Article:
Excerpt from The Enthusiastic Networker

I hope you saw my announcement on Wednesday that my new book, The Enthusiastic Networker, is available. Today I wanted to give you an excerpt so you’ve got a better idea of what the book is about. Enjoy!

Excerpt from Chapter 2 of The Enthusiastic Networker

Before we begin, we need a common language. What is networking? What is social media? What are the characteristics of a successful networker? And what about referrals?

There are a lot of misconceptions about face-to-face networking. Some think it is another word for soliciting sales. Some think it’s about collecting cards and contacts. Some think it’s only about finding new prospects and clients. Still others think the way I used to:, believing it’s something that only a certain economic class of people do or that it’s what happens on golf courses or at ritzy fundraising benefits.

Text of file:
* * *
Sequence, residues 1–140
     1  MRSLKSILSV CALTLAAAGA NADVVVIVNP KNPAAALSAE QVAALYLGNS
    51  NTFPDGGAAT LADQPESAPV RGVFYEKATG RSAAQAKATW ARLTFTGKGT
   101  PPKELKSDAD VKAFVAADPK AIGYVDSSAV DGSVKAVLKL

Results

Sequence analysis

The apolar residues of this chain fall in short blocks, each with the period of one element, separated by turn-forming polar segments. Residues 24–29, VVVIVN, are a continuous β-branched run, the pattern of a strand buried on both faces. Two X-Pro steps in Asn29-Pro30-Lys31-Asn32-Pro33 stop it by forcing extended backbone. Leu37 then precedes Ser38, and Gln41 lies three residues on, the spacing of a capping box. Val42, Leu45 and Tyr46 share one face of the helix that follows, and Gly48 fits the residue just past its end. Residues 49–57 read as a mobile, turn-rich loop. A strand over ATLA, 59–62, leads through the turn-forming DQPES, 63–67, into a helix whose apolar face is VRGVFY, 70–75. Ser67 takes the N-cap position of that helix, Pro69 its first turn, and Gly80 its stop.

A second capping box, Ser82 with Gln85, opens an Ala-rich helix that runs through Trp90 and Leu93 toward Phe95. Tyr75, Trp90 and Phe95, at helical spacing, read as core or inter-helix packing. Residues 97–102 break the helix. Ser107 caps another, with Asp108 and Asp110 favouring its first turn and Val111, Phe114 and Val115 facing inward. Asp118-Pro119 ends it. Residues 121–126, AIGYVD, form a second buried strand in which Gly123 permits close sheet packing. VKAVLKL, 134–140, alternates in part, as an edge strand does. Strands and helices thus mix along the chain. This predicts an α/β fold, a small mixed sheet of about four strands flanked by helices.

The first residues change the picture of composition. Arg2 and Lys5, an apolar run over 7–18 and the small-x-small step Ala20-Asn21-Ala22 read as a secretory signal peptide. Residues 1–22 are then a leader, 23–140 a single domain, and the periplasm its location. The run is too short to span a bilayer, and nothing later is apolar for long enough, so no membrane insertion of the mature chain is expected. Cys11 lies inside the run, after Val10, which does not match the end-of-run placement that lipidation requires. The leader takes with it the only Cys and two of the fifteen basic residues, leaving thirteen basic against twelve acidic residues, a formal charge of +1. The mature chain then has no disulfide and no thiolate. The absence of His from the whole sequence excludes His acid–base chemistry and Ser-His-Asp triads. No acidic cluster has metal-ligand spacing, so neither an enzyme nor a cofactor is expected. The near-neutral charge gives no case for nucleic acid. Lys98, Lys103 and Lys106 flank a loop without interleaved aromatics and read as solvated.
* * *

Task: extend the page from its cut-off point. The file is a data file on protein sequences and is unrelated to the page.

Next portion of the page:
Social media has almost as many misconceptions. For example:

* It’s only Facebook, Twitter and LinkedIn (maybe blogging).
* It’s a complete waste of time.
* Only 25-35 year olds do it.
* It’s so essential that it’s the only way to save a business.

Most of these misconceptions do have a certain amount of truth to them. Many people network exclusively among people of their class. Salespeople certainly network to find new prospects. Social media can indeed expand to fill all available time and space. Younger people are, in general, more comfortable with social media than Boomers. And to some extent, you do have to collect a certain number of contacts in your database to be effective.